Put Pravdy No. 57, April 10, 1914.
Published according to the text in Put Pravdy.
Source: Lenin Collected Works, Progress Publishers, 1972, Moscow, Volume 20, pages 226-229.
Translated: Bernard Isaacs and The Late Joe Fineberg
Transcription\Markup: R. Cymbala
Public Domain: Lenin Internet Archive (2004). You may freely copy, distribute, display and perform this work; as well as make derivative and commercial works. Please credit “Marxists Internet Archive” as your source.
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Dealing in Put Pravdy No. 34 with the interesting events in Ireland, we spoke of the policy of the British Liberals, who allowed themselves to be scared by the Conservatives.
Since those lines were written, new events have occurred which have transformed that particular conflict (between the Liberals and Conservatives) over the question of Home Rule for Ireland into a general constitutional crisis in Britain.
As the Conservatives threatened a Protestant “rebellion” in Ulster against Home Rule for Ireland, the Liberal Government set part of its troops into motion in order to compel respect for the will of Parliament.
But what happened?
Generals and other British Army officers mutinied!
They declared that they would not fight against Protestant Ulster as that would run counter to their “patriotism”, and that they would resign.
The Liberal Government were absolutely stunned by this revolt of the landowners standing at the head of the army. The Liberals have been accustomed to console themselves with constitutional illusions and phrases about the rule of law, and clo se their eyes to the real relation of forces, to the class struggle. And this real relation of forces has been such that, owing to the cowardice of the bourgeoisie, a number of pre-bourgeois, medieval institutions and privileges of the landed gentry have been preserved in Britain.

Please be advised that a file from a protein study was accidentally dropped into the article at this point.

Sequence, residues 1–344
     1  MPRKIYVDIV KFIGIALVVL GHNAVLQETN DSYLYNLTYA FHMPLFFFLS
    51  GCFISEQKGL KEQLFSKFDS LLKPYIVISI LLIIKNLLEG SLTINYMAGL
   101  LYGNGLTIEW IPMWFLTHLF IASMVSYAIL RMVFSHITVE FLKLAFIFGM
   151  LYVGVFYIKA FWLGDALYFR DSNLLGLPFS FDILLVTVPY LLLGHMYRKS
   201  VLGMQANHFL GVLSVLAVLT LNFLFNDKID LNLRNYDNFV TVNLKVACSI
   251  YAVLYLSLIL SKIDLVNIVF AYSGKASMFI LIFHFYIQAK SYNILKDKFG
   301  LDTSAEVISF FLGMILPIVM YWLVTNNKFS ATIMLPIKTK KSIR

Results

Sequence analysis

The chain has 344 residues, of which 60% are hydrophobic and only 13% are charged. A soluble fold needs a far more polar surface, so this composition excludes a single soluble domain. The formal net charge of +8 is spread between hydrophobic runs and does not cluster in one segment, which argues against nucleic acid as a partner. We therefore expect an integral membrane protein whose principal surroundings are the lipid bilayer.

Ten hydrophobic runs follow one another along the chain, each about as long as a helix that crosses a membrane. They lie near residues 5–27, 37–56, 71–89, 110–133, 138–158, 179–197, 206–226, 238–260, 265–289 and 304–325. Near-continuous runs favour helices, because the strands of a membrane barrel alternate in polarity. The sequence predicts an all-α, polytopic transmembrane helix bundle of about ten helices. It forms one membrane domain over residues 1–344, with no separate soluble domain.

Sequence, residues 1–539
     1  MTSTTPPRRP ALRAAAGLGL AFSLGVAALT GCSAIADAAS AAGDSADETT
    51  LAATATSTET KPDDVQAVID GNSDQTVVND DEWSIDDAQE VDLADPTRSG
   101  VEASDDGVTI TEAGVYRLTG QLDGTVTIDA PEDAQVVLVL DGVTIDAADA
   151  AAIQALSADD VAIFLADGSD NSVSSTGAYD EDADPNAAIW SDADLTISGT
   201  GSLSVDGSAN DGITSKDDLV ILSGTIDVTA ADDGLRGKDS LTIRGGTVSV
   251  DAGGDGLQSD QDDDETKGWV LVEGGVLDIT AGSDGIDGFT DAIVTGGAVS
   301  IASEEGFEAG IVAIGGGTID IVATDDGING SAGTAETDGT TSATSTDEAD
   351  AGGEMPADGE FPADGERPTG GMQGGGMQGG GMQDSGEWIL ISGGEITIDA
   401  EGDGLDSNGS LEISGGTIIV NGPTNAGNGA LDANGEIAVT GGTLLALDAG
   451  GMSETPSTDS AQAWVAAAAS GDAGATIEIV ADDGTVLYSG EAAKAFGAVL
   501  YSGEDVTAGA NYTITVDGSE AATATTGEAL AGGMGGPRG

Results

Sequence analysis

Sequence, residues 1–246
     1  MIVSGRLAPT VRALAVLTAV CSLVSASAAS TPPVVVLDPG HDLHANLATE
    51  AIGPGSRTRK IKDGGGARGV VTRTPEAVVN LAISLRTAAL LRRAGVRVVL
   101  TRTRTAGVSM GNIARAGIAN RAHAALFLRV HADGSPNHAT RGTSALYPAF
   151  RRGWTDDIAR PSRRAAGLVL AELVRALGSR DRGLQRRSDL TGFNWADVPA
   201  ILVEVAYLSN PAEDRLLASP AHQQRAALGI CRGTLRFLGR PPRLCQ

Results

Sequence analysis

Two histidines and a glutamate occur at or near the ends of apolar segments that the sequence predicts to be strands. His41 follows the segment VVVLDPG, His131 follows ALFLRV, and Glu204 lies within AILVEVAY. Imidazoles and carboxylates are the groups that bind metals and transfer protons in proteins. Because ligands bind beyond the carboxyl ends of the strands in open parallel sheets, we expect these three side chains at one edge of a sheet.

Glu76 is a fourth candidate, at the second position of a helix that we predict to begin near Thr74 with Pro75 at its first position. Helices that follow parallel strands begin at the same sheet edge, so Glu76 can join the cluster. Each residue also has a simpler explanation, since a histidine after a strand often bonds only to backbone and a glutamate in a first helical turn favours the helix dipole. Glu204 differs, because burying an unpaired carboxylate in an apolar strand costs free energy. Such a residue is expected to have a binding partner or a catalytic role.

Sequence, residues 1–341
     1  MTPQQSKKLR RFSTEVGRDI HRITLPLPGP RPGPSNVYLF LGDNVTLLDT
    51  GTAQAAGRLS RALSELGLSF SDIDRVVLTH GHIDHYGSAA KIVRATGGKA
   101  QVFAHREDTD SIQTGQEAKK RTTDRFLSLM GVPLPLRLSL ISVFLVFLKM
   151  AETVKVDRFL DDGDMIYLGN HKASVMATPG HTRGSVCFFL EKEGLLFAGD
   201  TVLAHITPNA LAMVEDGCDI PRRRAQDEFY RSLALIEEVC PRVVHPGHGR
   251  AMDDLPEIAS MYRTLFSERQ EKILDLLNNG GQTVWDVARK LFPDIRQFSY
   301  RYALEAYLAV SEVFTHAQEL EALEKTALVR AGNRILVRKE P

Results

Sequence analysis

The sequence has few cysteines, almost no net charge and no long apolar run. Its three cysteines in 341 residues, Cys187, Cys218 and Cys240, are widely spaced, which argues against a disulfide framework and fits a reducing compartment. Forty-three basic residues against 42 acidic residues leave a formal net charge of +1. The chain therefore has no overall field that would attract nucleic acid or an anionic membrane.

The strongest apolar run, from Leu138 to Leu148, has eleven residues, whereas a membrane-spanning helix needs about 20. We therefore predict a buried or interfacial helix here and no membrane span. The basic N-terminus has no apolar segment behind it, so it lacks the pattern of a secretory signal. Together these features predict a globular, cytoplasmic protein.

To suppress the revolt of the aristocratic officers, the Liberal Government should have appealed to the people, to the masses, to the proletariat, but that was something the “enlightened” Liberal bourgeois gentlemen feared more than anything else. The government actually made concessions to the mutinous officers, persuaded them to withdraw their resignations, and gave them written assurances that troops would not be used against Ulster.
Efforts were made to conceal from the people the disgraceful fact that such written assurances had been given (March 21, new style), and the Liberal leaders, Asquith, Morley and others, lied in the most incredible and shameless manner in their official statements. However, the truth came out. The fact that written promises had been given to the officers was not denied. Apparently, “pressure” was brought to bear by the King. The resignation of Secretary for War Seely, the assumption of his portfolio by Asquith “himself”, the re-election of Asquith, the circular to the troops about respect for law—all this was nothing but sheer official hypocrisy. The fact remains that the Liberals yielded to the landowners, who had flouted the constitution.